Bevel – A portion of material removed from the edge of a piece of wood. This technique can be used to create a natural finger-pull such as on a beveled-edge door. Also is used to create a specific angle when two pieces of wood are joined together. For example, when two pieces have a 45-degree bevel they create a right angle when joined.
Blind Corner – Any cabinet type that installs next to the corner of a cabinet box setup and has space that is not easily accessed by the cabinet opening. Often, another cabinet is installed next to the corner, hiding the space, known as a blind corner.
Bumper Pads – A small spongy material placed on any cabinet door designed to soften the noise as the door is closed.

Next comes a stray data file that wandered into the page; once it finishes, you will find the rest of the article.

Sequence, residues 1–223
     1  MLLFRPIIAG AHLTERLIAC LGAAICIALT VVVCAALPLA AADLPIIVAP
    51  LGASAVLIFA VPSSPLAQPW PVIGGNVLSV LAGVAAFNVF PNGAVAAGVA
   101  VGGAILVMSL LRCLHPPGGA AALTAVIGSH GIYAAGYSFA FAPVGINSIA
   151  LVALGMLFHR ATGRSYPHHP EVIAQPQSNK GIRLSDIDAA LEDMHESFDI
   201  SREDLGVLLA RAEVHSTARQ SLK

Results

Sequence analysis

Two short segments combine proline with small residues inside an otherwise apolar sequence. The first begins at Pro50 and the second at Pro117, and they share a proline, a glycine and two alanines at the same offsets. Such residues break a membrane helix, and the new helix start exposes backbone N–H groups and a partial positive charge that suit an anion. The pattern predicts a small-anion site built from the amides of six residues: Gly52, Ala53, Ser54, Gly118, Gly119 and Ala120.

Bun Foot – A round decorative furniture grade foot used on the bottom corners of base cabinets.
Butt Doors – Two cabinet doors that cover a single opening that is normally too large for one door. The edges of both doors nearly meet in the middle without a center mullion.
Butt Joint – A joint construction where the edges of two pieces of wood are joined together.
Cabinet Box – The structure of your cabinets where the items are stored inside, including the complete box shape of the cabinet from the depth to the width. Your cabinet doors rest over the cabinet box.
Cathedral Arch – A term used when the top cabinet door has a curved shape in the panel and frame.
Center Stile – Also referred to as a mullion, the center stile is a vertical strip of hardwood that is part of the face frame. It usually divides a cabinet opening directly in the middle.
Cherry – A moderate hardwood having a fine to medium uniform grain.